SALIX BABYLONICA – WILLOW, WEEPING
Weeping Willows are an old time favorite plant for large landscapes. They have traditionally been planted near water where they grow fast and become a dominant plant. Trees adapt to acid or alkaline soil. Roots are notoriously invasive growing into gardens and lawns making mowing difficult. Pruning and training young trees is needed to generate a central trunk-few people bother. Trees are often staked when young until they can hold themselves erect.
Trees are very susceptible to damage from ice loads. Plants often last only about 15 years in the desert southwest, even with irrigation.
Weeping Willows should be grown in full sun or very light shade and will tolerate a wide variety of soils. Trees require some early training to develop an upright trunk and branches without included bark. This will increase the live span and help overcome the problem with brittle wood but the trees are usually still short-lived to 30-years, or so unless planted near water or in moist soil. Trees are considered poor compartmentalizers of decay. This means decay can develop and spread quickly following mechanical injury from construction activities near the tree, vandalism, storm damage, or improper pruning cuts.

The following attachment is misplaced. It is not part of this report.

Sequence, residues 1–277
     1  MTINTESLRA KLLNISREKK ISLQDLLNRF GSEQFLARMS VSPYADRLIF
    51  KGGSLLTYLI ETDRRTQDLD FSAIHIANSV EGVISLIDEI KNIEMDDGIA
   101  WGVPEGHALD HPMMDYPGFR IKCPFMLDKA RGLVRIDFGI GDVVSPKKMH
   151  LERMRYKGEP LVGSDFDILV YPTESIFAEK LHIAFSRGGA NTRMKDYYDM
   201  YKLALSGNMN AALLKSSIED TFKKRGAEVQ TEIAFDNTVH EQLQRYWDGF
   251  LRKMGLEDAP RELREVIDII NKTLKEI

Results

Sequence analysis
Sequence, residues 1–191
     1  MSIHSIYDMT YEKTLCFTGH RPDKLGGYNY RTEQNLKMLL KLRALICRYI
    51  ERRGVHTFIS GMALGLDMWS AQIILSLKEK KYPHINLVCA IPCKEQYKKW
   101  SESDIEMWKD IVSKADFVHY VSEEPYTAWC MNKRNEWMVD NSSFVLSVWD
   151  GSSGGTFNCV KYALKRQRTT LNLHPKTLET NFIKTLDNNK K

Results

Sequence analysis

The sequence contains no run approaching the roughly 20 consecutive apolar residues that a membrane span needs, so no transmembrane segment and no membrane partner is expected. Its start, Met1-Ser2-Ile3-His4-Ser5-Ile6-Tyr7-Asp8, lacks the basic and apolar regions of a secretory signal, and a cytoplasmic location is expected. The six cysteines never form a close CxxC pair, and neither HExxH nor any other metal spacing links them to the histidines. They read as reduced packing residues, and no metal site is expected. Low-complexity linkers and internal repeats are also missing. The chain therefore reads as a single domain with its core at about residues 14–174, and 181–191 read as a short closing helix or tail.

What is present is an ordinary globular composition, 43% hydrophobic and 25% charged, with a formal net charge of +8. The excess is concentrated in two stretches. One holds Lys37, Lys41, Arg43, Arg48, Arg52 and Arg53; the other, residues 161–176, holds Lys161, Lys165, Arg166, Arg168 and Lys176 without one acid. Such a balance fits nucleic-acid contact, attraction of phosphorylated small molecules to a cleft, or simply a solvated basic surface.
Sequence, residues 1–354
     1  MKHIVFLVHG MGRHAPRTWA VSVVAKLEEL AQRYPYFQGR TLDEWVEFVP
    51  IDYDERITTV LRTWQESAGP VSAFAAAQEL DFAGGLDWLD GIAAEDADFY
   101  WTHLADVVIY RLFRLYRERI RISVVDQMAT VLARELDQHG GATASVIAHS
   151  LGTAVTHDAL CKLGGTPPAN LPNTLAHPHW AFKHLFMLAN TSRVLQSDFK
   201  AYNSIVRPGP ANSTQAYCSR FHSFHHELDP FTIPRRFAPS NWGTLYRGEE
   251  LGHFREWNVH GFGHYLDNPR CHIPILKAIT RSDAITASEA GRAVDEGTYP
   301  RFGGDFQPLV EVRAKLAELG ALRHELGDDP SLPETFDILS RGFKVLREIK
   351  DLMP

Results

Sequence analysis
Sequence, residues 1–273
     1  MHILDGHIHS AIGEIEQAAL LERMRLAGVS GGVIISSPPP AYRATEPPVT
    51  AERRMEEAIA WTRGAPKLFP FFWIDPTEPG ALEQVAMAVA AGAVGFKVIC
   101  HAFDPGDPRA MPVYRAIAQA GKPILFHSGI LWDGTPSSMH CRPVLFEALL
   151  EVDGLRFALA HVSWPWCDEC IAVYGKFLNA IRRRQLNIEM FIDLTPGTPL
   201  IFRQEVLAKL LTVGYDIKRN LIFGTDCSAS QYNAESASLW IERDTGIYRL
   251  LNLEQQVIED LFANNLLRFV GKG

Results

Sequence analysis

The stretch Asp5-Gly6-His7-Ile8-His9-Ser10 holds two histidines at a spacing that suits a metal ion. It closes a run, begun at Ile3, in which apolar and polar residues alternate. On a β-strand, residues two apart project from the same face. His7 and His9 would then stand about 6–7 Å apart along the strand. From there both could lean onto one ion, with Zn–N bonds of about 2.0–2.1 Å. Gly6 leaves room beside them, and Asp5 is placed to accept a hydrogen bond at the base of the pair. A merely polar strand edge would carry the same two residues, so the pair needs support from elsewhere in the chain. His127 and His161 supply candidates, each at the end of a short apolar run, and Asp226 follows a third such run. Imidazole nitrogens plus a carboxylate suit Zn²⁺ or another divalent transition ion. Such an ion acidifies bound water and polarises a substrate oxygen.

Care should be taken not to locate Weeping Willows near underground water or sewer lines or close to septic tank drain fields where the roots could cause significant damage. Roots are aggressive and will spread about 3 times the distance from the trunk to the edge of the canopy and often grow on the soil surface interfering with everything it its path. Plant them near water for a lovely soft effect and to stabilize the bank against erosion.
Something always appears to be dropping from this tree to litter the ground beneath the canopy. Willows are among those susceptible to summer branch drop in Britain. Summer branch drop is a phenomena resulting in failure and breakage of large diameter branches typically on calm summer days. Male trees produce highly allergenic pollen; females produce no pollen. ‘Annularis’ is female.